Table of Contents
[The Table of Contents is listed below.]
The last two decades have witnessed a steady increase in work devoted to the polarizing figure of Leo Strauss (1899–1973). Despite, however, Strauss’s turn to antiquity forming the core of his thought, this is the first major study focused entirely on that engagement. This neglect may be due in part to the tendency of classicists not to take Strauss seriously, either because they view his work as obscure and anachronistic; or, as some of this volume’s contributors maintain, because classicists have read his classically themed works as bad commentaries rather than philosophical investigations in their own right. The widely differing evaluations of Strauss and the political repercussions of his ideas suggest that a work illuminating the classical aspect of his thought would be valuable.
Burns’ Introduction outlines Strauss’s focus on confronting the “modern crisis”, by which he meant moderns’ loss of faith in reason. For Strauss, both pre-Socratic ancients and post-enlightenment moderns embraced relativism when they recognized the limits of reason; however, ancient philosophy was saved by Socrates. Instead of explaining this Socratic solution, Burns segues into the assertion that philosophy must maintain its distance from society. Since philosophy is too challenging for most people to understand, philosophers must write esoterically (3). The implication is that Socrates had not reasoned away relativism; he had merely concealed it from non-philosophers. In the Straussian framework, ancient Socratic literature was composed of a superficially conventional exterior and a radically sceptical interior, decipherable only by philosophical readers alert to subtle hints, gaps and intentional errors. An obvious question is whether Strauss was himself an esoteric writer. One justification for esoteric writing is that the sceptical writer fears persecution for openly questioning society’s cherished dogmas; however, Strauss spent much of his career living and working in the liberal USA. The less obvious justification is to protect society. Scepticism is a solvent that destroys society’s binding glue. Accordingly, for Strauss, “There are basic truths which would not be pronounced in public by any decent man, because they would do harm to many people.”1 Burns hints at Strauss’s esotericism and acknowledges that he could be “elusive, suggestive, and sometimes downright cryptic” (27-8). He claims that the aim of the present volume is to make Strauss’s writings “more accessible” (28) and, if Strauss was an esoteric writer, who better than his fellow Straussians to shed light on his thought?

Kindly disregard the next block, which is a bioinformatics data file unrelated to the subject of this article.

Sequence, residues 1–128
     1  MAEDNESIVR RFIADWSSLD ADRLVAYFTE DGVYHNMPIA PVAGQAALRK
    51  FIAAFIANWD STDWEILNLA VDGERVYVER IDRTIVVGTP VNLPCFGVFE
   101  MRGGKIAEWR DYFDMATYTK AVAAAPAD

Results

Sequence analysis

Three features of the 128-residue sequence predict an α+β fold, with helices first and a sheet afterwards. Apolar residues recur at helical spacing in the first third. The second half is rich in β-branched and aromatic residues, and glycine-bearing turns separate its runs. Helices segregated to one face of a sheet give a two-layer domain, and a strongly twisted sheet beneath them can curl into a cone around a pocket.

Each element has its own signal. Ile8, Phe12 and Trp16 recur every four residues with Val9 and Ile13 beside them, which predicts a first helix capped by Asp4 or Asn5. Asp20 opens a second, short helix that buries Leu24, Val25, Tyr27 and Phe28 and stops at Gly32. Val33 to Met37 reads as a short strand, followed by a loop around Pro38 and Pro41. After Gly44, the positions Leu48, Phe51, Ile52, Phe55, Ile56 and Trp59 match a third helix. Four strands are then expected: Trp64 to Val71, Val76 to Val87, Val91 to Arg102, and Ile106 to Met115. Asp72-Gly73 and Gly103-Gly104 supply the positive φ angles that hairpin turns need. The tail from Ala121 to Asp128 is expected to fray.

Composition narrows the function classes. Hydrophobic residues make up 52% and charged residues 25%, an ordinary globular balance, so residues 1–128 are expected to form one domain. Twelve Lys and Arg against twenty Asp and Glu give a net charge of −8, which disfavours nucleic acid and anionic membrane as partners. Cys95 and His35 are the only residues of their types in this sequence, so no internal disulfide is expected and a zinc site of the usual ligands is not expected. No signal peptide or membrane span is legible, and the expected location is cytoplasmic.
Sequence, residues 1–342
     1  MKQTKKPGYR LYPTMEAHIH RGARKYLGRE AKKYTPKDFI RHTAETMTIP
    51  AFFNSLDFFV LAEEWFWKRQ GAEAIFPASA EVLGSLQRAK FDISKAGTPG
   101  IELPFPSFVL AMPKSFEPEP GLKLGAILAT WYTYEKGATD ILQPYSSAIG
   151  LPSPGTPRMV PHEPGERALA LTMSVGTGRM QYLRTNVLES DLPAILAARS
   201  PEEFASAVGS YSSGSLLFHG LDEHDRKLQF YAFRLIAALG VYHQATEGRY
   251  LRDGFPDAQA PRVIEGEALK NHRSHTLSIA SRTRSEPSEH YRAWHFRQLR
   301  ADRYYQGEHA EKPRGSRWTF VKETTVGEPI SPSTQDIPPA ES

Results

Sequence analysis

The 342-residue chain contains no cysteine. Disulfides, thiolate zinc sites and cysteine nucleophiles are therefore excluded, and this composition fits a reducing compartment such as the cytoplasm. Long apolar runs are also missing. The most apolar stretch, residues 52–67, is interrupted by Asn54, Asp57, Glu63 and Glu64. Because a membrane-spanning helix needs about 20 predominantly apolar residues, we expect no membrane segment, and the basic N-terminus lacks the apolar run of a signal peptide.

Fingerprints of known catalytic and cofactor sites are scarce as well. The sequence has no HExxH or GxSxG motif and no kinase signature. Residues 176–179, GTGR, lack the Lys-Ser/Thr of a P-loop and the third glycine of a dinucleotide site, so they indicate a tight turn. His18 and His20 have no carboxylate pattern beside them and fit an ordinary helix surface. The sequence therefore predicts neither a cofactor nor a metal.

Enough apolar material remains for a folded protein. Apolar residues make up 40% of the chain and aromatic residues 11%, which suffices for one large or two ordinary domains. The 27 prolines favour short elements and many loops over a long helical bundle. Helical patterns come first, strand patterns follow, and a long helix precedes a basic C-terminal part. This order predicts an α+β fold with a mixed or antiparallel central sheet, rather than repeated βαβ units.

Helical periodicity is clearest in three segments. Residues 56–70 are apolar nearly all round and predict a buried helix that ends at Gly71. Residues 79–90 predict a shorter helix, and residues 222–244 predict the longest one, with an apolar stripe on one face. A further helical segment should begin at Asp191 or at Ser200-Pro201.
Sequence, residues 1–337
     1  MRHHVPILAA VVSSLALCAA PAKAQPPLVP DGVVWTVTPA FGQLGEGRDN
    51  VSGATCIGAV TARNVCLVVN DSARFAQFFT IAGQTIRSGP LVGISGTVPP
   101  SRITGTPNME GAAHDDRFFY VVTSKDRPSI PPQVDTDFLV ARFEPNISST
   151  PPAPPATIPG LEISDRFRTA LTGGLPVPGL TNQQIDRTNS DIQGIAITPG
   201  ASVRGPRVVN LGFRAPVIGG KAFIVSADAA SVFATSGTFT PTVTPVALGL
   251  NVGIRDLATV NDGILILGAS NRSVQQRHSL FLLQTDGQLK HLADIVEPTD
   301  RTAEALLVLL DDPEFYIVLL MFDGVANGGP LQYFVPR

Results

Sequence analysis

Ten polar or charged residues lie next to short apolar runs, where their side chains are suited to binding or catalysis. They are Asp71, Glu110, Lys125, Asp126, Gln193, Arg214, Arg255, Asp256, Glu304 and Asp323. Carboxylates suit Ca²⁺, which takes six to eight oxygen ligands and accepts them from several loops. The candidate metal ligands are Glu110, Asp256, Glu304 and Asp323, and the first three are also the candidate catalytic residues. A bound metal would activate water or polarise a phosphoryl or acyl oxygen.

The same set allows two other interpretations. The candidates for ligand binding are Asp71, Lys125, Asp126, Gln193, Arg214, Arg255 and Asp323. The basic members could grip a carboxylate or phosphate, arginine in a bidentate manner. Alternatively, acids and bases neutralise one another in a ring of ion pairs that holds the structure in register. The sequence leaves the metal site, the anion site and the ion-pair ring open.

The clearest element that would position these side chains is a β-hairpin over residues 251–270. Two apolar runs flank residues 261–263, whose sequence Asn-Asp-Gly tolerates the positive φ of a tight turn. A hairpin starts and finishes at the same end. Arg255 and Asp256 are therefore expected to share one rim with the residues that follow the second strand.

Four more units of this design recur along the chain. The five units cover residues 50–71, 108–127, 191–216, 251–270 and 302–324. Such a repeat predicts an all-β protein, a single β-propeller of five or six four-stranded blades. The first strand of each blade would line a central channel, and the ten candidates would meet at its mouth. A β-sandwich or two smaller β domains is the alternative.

Following the Introduction, there are twenty-one chapters divided into seven unequally weighted sections. Part 1 contains three chapters on Strauss’ engagement with pre-Socratic thought; Part 2 includes a further three chapters on classical political philosophy as a whole; Part 3 is a single chapter on Strauss’s stimulating but overlooked reading of Aristophanes; Part 4 has seven chapters on Strauss’s readings of Xenophon; Part 5 comprises six chapters on Strauss and Plato; and Part 6 looks, in its final chapter, at Strauss and Aristotle. The weighting given to different thinkers is largely dictated by Strauss’s interests and it is appropriate that the largest section is assigned to Xenophon, on whom Strauss focused more than any other author.
Chapter 1 is representative of a tension within the volume between the professed goal of making Strauss more accessible and some contributors’ apparent reluctance to reveal too much. McBrayer outlines Strauss’s discussion of nomos (convention) and physis (nature) in terms of justice, essentially summarizing Strauss’s argument in Natural Right and History. Strauss began that work with an appeal to the idea of natural right; as McBrayer notes, however, “After having given a convincing account of the conventionalist argument, Strauss leaves its attack on natural right unrefuted” (41-2). A reader might anticipate that McBrayer would elucidate this gap, but instead he simply suggests that Strauss found the conventionalist argument problematic. In fact, McBrayer does not fill in any of Strauss’s puzzling gaps. This frustrating and unhelpful tendency to paraphrase Strauss without really clarifying his obscurities is especially pronounced in Chapters 3, 5, 6, 7, 10, 12, 14, 15 and 20. The “Classical Political Philosophy” section also appears redundant, since the entire volume is dedicated to Strauss’s engagement with classical political philosophy. If this segment had included overarching essays on Strauss’s work this would not be a problem; however, it actually consists of further detailed commentaries.